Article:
After Isaac van Amburgh and his Animals (2017) is an exhibition consisting of three elements that together examine the oil painting Isaac van Amburgh and his Animals by Edwin Henry Landseer. The first is a large scale graphite re-drawing titled After Edwin Henry Landseer, Isaac van Amburgh and his Animals, 1839. The second is a text-based work titled The Choir of Isaac van Amburgh and his Animals, presented in the form of a poster, and the third is a set of golden frames.
After Edwin Henry Landseer, Isaac van Amburgh and his Animals, 1839
The large scale graphite drawing that is the focal point of the exhibition is a re-drawing of the oil painting Isaac van Amburgh and his Animals (1839) by the animal painter Edwin Henry Landseer (1802-1873). It was commissioned by Queen Victoria (1819-1901) after she visited the London show of the lion tamer Isaac van Amburgh several nights in a row. The painting focuses on the final part of the performance where Isaac van Amburgh, together with seven caged animals, enacts the bible verse Isaiah 11:6: “The wolf shall live with the lamb, the leopard shall lie down with the kid”. Behind the creation of this scene, a seemingly fake serenity, lies violence, starvation and oppression of the seven non-human animals that are portrayed within the cage. The re-drawing is transforming the medium of the painting from oil into graphite as well as its original size of 113×175 cm into a size based on the natural scale of the animals portrayed, which makes the re-drawing 200×320 cm.
The Choir of Isaac van Amburgh and his Animals
In this text-based work the non-human animals within the cage of the painting tell their history through a collective we and I. Together they tell us how the lion tamer Isaac van Amburgh forces them into obedience through a combination of violence and kindness with the help of a crowbar, a whip and forced starvation. The text takes the form of a poster inspired by the thousands of posters spread across London during the weeks Isaac van Amburgh and his travelling menagerie visited the city.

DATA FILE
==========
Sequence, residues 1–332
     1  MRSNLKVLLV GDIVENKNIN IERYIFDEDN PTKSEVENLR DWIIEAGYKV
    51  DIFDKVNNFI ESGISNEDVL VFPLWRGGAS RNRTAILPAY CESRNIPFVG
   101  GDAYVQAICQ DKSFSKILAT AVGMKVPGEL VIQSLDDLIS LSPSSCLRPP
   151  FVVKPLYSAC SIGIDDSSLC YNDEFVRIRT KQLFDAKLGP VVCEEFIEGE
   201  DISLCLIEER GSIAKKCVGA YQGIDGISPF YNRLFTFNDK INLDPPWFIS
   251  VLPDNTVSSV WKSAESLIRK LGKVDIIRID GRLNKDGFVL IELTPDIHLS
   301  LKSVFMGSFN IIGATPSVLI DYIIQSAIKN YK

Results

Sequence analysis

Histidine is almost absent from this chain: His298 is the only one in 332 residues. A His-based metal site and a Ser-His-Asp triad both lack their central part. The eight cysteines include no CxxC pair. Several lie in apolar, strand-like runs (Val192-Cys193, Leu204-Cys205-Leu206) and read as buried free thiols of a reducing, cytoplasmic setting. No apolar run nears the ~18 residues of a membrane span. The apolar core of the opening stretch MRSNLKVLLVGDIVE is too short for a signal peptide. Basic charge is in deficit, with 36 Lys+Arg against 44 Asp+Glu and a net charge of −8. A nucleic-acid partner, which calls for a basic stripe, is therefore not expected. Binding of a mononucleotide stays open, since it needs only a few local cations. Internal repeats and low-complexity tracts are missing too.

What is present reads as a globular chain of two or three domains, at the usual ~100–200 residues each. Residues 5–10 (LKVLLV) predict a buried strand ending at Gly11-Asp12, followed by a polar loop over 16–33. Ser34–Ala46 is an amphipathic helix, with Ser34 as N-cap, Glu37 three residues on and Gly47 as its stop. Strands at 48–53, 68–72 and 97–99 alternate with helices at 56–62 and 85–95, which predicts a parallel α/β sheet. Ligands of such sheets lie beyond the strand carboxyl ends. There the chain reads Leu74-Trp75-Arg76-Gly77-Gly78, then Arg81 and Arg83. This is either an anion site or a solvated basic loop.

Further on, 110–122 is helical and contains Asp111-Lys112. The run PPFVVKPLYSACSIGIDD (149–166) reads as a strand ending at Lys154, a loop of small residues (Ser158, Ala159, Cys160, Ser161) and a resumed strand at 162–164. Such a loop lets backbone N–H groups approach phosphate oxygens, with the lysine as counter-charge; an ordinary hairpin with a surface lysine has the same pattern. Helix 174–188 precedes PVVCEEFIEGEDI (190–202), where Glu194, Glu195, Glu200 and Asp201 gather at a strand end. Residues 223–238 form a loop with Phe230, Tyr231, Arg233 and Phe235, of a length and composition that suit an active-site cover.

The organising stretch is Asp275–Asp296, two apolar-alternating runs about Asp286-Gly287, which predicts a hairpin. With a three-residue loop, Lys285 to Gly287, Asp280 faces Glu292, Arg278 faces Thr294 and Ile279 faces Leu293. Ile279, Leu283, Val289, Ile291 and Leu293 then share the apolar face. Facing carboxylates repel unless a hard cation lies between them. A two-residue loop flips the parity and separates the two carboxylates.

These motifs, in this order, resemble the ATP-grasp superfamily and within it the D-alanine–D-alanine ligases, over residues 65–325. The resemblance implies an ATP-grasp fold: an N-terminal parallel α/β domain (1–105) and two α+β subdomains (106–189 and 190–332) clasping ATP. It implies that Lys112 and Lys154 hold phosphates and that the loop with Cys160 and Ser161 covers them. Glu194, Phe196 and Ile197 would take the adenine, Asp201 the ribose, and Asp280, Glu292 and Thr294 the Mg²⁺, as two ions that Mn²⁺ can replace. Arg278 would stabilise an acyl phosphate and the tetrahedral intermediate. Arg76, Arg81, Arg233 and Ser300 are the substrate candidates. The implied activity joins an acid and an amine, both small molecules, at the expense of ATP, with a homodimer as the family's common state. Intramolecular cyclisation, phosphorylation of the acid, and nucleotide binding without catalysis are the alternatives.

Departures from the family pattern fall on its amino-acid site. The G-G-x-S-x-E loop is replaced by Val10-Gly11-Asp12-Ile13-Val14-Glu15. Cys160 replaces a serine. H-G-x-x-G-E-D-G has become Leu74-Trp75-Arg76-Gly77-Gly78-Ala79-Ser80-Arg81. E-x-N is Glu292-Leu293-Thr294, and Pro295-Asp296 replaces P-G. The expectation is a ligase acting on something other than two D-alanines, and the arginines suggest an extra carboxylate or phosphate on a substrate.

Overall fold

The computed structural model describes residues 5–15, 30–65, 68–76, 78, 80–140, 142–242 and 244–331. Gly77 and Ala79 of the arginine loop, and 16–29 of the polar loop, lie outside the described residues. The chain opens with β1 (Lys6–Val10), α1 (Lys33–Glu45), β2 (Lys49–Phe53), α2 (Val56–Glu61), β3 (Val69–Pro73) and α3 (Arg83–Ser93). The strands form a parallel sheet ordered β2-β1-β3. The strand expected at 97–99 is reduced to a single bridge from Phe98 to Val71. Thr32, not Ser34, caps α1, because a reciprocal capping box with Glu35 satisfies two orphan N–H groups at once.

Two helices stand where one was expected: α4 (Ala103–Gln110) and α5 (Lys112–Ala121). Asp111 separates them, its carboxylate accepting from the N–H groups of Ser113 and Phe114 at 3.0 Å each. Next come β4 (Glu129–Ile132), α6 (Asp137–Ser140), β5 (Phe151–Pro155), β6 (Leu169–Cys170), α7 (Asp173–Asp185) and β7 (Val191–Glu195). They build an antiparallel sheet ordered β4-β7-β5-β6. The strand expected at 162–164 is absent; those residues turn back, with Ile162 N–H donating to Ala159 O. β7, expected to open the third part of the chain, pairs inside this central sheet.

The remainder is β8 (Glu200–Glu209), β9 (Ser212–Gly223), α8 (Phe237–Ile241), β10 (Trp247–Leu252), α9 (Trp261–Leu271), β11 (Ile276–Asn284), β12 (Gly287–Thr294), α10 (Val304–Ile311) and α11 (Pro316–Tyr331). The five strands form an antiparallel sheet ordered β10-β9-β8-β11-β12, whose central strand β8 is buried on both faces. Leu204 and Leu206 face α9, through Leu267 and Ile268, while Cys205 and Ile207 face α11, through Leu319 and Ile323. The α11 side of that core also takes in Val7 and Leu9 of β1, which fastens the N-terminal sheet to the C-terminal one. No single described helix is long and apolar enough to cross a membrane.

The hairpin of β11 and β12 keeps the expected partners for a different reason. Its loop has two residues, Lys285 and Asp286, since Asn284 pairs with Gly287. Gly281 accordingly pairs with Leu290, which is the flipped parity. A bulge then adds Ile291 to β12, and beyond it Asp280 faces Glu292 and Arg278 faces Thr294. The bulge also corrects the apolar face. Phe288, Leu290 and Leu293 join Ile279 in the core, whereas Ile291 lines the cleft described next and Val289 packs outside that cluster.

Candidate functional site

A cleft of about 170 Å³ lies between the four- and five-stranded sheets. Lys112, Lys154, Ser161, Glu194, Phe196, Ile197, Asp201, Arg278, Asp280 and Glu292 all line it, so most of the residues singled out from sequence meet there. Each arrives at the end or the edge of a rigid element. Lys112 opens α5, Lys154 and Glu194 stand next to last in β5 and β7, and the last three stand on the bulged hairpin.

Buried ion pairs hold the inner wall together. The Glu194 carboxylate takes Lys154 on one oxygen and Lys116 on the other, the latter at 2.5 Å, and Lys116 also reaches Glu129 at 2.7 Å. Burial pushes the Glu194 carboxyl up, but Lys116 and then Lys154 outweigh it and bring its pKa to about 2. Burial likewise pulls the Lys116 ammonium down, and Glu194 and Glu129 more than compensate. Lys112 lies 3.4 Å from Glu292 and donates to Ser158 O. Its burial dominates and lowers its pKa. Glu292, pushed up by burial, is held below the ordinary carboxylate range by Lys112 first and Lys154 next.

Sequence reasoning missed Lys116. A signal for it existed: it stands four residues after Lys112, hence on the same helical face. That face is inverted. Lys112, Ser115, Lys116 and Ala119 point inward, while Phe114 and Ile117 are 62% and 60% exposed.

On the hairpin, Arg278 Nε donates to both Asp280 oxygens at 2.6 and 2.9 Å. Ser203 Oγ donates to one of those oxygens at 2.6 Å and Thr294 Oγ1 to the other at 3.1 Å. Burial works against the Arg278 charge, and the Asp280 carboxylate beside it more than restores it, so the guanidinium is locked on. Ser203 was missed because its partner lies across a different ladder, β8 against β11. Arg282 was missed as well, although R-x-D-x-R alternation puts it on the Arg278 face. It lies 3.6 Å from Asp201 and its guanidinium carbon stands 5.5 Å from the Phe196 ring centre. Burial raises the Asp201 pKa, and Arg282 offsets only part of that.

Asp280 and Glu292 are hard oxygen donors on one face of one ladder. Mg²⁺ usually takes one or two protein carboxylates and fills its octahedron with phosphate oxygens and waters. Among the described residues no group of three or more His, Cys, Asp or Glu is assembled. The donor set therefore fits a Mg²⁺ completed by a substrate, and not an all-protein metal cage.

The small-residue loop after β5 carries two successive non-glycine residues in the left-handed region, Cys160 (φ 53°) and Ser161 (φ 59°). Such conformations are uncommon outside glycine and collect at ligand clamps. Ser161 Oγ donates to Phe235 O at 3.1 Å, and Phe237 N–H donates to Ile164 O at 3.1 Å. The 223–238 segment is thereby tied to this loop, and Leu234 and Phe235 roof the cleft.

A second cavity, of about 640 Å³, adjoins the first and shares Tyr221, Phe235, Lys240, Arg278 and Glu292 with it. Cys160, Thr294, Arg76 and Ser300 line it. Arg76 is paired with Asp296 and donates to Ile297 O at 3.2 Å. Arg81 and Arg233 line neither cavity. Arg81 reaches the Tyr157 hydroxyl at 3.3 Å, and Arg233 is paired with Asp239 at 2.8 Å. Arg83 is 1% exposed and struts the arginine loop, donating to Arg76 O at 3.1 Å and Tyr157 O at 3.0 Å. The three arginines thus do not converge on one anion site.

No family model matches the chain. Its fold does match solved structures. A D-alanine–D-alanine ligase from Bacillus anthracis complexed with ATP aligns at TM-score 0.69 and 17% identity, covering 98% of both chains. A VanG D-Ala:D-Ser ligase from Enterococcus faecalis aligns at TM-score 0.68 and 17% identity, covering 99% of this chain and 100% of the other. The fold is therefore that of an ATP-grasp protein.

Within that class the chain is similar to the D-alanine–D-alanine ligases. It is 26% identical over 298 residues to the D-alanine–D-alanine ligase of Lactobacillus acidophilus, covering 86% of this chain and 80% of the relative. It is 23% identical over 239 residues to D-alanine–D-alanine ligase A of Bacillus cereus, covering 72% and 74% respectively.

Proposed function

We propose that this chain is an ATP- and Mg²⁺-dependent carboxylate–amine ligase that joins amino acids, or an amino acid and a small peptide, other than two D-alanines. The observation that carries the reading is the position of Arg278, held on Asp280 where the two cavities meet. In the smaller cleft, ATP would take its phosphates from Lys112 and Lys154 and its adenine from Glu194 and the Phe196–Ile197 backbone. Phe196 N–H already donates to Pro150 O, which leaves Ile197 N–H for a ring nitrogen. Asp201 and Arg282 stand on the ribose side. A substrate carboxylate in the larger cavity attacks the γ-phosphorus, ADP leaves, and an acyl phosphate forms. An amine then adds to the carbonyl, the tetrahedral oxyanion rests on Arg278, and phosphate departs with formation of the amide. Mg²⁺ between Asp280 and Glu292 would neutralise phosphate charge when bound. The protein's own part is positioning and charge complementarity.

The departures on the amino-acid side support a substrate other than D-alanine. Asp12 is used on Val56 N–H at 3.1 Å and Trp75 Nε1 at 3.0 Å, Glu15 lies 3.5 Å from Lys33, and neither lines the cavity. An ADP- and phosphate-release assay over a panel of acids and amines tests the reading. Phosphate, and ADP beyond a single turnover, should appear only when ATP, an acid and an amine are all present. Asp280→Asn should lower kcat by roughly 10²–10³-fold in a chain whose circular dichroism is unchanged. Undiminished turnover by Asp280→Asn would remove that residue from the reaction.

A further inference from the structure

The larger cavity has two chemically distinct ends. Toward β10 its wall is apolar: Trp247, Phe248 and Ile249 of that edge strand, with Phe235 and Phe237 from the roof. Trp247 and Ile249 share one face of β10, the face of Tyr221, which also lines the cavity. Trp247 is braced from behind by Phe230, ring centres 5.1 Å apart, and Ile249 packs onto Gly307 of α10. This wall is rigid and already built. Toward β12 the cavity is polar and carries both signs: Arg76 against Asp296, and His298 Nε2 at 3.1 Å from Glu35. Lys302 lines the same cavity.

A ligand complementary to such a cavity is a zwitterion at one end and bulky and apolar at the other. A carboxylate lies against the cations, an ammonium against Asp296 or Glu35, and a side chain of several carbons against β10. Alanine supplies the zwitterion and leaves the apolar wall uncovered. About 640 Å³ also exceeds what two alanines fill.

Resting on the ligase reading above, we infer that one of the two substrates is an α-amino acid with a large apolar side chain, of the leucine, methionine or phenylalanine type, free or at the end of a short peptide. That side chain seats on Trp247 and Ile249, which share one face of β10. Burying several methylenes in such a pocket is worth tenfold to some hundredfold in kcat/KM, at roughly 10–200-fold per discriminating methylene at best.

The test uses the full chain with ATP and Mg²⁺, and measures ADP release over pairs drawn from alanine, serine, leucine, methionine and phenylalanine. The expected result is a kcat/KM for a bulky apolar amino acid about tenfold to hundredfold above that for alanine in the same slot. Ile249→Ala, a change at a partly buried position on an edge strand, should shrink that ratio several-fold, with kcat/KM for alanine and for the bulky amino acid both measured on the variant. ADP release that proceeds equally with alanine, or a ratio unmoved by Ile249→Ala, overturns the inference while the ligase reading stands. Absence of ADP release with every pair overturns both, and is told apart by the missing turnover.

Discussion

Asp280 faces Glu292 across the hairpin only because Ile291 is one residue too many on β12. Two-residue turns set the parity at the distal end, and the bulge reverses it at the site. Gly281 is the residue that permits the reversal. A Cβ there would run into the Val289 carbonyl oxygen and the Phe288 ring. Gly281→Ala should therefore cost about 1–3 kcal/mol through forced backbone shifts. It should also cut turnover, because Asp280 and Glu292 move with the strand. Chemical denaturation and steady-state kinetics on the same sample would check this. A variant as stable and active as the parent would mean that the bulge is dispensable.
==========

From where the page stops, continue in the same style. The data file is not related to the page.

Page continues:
Resting in a corner of the exhibition is a disassembled set of golden frames inspired by the form and size (2×113 cm and 2x175cm) of the original painting currently hanging at the Picture Gallery at St James’s Palace, UK.
After Isaac van Amburgh and his Animals is the first chapter of the research project Re-Framing the Non-Human Animal in Art Production.
(english) The Choir of Isaac van Amburgh and his Animals, by EvaMarie Lindahl
(english) The Choir of Isaac van Amburgh and his Animals with footnotes (coming soon)
THE CHOIR OF ISAAC VAN AMBURG AND HIS ANIMALS
I am the centre of special but sadistic attention, my fur is cleaned, combed and kept in the purest of colours.
HUGE DEVOURING BRILLIANCY!
I am beaten into submission with a crow bar to act out biblical fairy tales.
I am part of an orchestrated congregation of lions, tigers and leopards commanded by our shared master. Together we are performing the tamed but still furious predators while he performs the protector of the innocent: caressing the lamb, inviting the child.
Every week thousands of humans come to see us perform this spectacle, eagerly waiting for me to fight back.
LASHED CROUCHING SUBMISSION!
The pistol shots, the whip and the crow bar have marked my skin and my soul. The marks are traces of the combination of violence and kindness that brought me here and turned me into amusement.
I am trained to lick the boots of my imprisoner. I am trained to kneel before the man.
MAGICAL! EXCITING! NOVELTY!
There have been several just like me. I am the one who never gets old. I am the one who is held in front of the mouth of the lion, a woolly invitation to break the thin layer of civilized manor. Sometimes I am killed. Sometimes I get bitten. I am a silent body. I am the sacrifice.
ALL LIVING ALIVE! ALIVE! ALIVE!
By starving us we are pushed into ferocity and we are not disappointing the audience. We wait for the trembling silence when he enters the cage dressed in costumes of thickest animal skin and metal plates, tools in hand.
He who fights me, and force his arm and head into my mouth, dissected lions as a child. He is not satisfied with only pushing and pressing. He also wants to cut, tear and pry.
We are a group of travellers in death.
ROYAL ILLUSTRIOUS ENTHUSIASM!
The Queen orders. The tamer forces. The artist documents. One hundred and seventy-eight years after this series of events the artist documents again. I am an involuntary illustrator of your crafted gorge between culture and nature, an example of brute wilderness. I am here for you to adore, fear and oppress.
I am a grotesque curiosity.